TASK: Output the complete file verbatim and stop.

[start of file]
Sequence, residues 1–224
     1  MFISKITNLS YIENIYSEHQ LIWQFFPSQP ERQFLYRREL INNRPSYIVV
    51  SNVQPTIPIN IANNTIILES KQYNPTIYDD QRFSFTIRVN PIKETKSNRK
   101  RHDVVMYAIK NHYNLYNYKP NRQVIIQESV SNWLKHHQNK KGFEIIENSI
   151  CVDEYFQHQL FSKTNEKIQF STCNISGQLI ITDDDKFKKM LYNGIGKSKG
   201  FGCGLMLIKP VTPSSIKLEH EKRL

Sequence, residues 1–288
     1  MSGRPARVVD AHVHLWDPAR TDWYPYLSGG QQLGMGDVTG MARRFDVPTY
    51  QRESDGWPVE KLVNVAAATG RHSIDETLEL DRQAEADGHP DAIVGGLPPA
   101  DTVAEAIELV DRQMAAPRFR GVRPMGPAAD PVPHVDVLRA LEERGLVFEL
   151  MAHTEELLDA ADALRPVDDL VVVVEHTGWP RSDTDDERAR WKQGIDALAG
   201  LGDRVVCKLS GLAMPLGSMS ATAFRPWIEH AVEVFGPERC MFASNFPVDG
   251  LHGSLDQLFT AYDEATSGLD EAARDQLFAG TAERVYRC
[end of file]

Sequence, residues 1–224
     1  MFISKITNLS YIENIYSEHQ LIWQFFPSQP ERQFLYRREL INNRPSYIVV
    51  SNVQPTIPIN IANNTIILES KQYNPTIYDD QRFSFTIRVN PIKETKSNRK
   101  RHDVVMYAIK NHYNLYNYKP NRQVIIQESV SNWLKHHQNK KGFEIIENSI
   151  CVDEYFQHQL FSKTNEKIQF STCNISGQLI ITDDDKFKKM LYNGIGKSKG
   201  FGCGLMLIKP VTPSSIKLEH EKRL

Sequence, residues 1–288
     1  MSGRPARVVD AHVHLWDPAR TDWYPYLSGG QQLGMGDVTG MARRFDVPTY
    51  QRESDGWPVE KLVNVAAATG RHSIDETLEL DRQAEADGHP DAIVGGLPPA
   101  DTVAEAIELV DRQMAAPRFR GVRPMGPAAD PVPHVDVLRA LEERGLVFEL
   151  MAHTEELLDA ADALRPVDDL VVVVEHTGWP RSDTDDERAR WKQGIDALAG
   201  LGDRVVCKLS GLAMPLGSMS ATAFRPWIEH AVEVFGPERC MFASNFPVDG
   251  LHGSLDQLFT AYDEATSGLD EAARDQLFAG TAERVYRC